In this technique, genomic DNA is fluorescently labeled and used to determine the presence of gene loss or amplification.

The conversion of a non-invasive tumor to an invasive tumor also warrants research. Microarray-based expression profiling allows us to identity families of genes as well as the important molecular and cellular events that might be important in complex processes like metastasis. Practical applications in future include diagnostic and prognostic management of patients.

Clinicians will be able to use microarrays during early clinical trials to confirm the mechanisms of action of drugs and to assess drug sensitivity and toxicity. They can be used to develop a new molecular taxonomy of cancer, including clustering of cancers according to prognostic groups on the basis of gene expression profiles. Antibiotic treatment Increase in the number of resistant bacteria and superadded infections has led to failure of antibiotics.

Virulence of the bacterial strains too affects the outcome of the disease process. In oral cavity where anaerobic bacteria might be the infective agent, they often are not easily culturable, especially organisms such as actinomyces.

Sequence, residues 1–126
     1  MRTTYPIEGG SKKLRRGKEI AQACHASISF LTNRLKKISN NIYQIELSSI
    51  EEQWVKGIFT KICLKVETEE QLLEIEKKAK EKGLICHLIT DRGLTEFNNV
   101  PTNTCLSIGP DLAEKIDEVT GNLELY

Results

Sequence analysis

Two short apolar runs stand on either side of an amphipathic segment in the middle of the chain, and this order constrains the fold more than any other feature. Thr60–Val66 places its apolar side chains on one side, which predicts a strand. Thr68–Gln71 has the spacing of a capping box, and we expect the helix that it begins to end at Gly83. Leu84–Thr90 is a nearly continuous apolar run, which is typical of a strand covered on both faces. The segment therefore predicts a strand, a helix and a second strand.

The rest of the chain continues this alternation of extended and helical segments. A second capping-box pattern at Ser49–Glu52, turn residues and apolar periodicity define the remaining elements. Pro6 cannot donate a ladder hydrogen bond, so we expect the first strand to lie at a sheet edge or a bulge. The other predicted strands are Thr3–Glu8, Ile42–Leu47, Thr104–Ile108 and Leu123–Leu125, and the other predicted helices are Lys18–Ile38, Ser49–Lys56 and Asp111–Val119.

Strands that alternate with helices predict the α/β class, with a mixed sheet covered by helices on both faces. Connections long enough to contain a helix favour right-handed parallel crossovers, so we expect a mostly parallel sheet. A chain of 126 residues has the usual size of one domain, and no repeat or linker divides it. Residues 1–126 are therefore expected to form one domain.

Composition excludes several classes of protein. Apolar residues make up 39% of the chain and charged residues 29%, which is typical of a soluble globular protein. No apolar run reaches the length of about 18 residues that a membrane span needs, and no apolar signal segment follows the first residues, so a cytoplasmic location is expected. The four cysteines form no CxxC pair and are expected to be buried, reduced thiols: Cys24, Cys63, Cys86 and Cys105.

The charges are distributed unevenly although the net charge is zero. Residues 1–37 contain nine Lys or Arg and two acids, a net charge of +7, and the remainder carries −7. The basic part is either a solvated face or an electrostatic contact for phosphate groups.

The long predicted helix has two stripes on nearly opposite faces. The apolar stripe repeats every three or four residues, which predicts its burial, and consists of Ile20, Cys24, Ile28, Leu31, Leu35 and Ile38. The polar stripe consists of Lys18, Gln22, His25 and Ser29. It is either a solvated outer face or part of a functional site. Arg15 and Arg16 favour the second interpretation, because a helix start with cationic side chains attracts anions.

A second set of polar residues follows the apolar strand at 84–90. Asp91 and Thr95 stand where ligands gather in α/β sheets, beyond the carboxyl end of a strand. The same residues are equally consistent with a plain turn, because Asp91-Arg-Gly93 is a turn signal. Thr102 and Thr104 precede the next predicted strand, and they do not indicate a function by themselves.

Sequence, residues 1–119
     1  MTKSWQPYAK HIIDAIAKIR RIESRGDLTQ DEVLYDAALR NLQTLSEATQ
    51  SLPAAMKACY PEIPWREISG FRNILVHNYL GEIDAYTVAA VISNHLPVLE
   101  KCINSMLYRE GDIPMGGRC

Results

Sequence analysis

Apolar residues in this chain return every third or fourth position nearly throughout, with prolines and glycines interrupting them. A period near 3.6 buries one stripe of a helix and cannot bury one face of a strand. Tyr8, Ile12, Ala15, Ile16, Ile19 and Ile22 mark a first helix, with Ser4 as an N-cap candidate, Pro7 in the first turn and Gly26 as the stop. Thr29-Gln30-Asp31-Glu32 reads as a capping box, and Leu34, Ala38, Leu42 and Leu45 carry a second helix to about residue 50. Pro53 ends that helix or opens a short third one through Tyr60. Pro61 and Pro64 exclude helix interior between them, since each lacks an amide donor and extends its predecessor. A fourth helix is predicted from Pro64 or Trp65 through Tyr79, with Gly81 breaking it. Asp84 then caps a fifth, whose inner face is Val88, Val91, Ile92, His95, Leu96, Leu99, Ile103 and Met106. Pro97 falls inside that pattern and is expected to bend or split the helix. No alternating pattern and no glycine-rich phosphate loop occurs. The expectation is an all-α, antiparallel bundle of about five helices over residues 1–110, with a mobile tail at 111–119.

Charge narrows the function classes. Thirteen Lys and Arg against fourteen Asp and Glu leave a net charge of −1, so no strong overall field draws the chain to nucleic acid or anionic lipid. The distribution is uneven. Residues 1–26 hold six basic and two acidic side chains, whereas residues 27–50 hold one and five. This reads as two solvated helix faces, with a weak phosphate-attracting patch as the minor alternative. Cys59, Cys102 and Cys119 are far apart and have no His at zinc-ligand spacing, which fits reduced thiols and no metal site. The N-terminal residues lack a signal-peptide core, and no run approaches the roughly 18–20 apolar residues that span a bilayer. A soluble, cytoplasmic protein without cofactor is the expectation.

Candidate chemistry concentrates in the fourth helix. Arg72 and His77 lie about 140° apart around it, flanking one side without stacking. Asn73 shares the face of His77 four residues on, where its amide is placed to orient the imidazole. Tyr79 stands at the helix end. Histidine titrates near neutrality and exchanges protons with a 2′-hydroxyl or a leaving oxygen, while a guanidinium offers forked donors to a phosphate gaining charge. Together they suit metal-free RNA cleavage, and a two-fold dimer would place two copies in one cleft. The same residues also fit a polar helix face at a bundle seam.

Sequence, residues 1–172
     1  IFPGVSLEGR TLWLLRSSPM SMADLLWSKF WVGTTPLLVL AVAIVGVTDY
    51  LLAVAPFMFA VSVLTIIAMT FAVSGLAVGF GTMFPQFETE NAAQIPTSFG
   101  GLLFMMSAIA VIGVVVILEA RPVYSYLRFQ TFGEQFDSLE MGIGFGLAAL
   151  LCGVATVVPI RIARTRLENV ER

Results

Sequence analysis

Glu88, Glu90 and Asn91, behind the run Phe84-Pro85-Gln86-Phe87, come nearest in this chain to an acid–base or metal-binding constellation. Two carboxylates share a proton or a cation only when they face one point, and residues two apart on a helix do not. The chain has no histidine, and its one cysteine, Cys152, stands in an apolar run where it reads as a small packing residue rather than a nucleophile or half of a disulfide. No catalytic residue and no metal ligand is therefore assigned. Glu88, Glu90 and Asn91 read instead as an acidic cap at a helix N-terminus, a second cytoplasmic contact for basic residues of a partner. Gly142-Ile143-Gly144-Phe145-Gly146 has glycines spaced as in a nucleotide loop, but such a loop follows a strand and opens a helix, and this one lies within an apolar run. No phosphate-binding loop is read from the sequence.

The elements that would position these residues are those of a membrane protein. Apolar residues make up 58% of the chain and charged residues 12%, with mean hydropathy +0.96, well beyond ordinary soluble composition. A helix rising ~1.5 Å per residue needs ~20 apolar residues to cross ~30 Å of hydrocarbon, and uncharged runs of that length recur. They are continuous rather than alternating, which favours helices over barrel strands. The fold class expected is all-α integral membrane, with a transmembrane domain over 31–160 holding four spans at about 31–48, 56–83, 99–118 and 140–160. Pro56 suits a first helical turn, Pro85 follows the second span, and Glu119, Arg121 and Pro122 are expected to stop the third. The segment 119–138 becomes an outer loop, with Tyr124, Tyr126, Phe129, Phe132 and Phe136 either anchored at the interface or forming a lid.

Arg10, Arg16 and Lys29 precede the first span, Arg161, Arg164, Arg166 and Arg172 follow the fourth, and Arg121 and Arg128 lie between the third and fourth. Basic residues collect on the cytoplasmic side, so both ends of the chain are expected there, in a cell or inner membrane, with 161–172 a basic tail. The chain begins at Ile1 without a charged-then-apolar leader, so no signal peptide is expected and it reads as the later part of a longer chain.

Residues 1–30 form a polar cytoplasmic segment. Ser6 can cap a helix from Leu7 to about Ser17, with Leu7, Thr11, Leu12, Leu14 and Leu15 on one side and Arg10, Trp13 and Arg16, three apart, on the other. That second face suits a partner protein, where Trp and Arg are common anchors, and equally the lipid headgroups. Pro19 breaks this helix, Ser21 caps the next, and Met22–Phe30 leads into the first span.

DNA microarray analysis helps as the bacterial genomic DNA often outlasts the viability of the bacteria and a diagnosis can be made using a small amount of DNA, as opposed to the large numbers of bacteria needed for culture.

In future, an abscess specimen might be sent not for culture and sensitivity testing, but rather for DNA microarray analysis. Early detection of oral precancerous lesions Leukoplakia or white lesions of the oral cavity may result from a myriad of reversible conditions.

  • In one of the meetings of the Affymax scientific board, Leighton Read tossed out the idea of just mimicking the makers of semiconductor chips, who use beams of light to manipulate molecules on solid surfaces in order to create random chemical diversity;